Myths and Facts:


A very common myth is that the gyrojets smoked, thus revealing the shooters position. Gyrojets DO NOT SMOKE, the propellant was a single 3 gram double base nitroglycerine / nitrocellulose grain and is commonly known today as “Smokeless” powder. The only exhaust products are nitrogen gas, carbon dioxide gas, heat and water vapor. On a cold day the water vapor will condense and produce a CONTRAIL, exactly like a jet airplane. This is the origin of the smoking myth. As a footnote, under the cold and dry conditions that a contrail would occur a normal firearm will also produce a small cloud of condensation at the muzzle (similar to an automotive exhaust) also revealing the shooters position. It is the SAME PROPELLANT, if someone is shooting back you have the same problem…...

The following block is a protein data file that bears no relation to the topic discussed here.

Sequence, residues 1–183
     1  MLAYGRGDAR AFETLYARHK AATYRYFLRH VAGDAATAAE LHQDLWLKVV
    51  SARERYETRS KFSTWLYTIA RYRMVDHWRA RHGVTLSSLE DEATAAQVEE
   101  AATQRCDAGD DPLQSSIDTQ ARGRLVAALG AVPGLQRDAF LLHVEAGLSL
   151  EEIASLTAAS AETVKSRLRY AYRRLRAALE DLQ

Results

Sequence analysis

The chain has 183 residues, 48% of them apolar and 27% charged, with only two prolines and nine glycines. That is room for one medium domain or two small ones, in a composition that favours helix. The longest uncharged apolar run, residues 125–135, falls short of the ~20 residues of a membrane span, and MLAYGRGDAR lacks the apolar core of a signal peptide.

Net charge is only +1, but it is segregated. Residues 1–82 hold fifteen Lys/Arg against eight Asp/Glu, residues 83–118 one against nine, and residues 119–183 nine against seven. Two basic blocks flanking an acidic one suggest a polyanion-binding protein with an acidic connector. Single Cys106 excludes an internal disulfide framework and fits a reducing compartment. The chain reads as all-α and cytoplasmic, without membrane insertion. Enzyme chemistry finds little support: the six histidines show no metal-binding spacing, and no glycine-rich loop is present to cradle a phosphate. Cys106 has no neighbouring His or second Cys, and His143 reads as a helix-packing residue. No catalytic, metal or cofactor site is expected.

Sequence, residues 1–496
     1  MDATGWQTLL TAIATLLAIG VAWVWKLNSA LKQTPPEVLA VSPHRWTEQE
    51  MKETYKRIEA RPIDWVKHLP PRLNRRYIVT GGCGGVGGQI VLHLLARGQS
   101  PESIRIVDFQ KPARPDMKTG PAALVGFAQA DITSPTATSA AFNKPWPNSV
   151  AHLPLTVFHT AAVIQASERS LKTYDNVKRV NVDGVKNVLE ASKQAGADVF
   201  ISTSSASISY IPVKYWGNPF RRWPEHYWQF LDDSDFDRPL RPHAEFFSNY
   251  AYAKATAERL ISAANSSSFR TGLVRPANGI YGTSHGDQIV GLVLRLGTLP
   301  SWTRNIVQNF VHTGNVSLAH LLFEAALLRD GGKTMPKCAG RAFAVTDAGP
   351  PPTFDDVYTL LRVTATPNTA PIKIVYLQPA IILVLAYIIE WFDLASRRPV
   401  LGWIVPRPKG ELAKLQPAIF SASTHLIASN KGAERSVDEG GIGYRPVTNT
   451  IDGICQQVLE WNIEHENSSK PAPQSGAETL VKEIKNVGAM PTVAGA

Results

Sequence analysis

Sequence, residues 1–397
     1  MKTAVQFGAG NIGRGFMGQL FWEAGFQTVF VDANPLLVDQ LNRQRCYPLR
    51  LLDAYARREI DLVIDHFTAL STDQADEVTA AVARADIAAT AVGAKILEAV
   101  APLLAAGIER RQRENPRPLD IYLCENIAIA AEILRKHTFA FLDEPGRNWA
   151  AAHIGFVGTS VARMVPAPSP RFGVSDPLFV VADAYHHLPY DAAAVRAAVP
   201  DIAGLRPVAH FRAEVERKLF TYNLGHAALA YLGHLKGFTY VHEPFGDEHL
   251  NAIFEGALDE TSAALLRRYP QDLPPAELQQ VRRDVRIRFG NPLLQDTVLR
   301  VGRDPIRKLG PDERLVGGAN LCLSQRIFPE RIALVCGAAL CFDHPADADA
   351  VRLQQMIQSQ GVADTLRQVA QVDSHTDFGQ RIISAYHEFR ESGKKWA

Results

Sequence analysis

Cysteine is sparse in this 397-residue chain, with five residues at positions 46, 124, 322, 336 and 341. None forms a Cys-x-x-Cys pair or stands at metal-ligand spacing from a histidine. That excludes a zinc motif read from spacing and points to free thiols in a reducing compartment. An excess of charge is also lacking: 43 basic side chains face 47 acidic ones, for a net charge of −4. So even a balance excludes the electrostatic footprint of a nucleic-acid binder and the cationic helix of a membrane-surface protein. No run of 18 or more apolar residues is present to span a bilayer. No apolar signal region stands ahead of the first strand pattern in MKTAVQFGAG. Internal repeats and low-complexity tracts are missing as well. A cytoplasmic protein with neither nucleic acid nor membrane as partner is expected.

There are a wide range of reports of power. This, I attribute to the fact a Gyrojet is a rocket and performs as such, starting slow and achieving maximum velocity at fuel burnout, which in the case of the standard 13mm Gyrojet was at approximately 70 yards from the muzzle. The projectile has been known to not travel at all in the event of a barrel blockage, harmlessly venting its propellant out the barrel vents. However just like a compressed air bottle with a valve break is reluctant to move at first, once it starts forward motion is near impossible to stop. The now infamous plastic bucket experiment serves to show how quickly it actually does gain velocity. It’s a good thing that wasn’t a catcher’s mit…...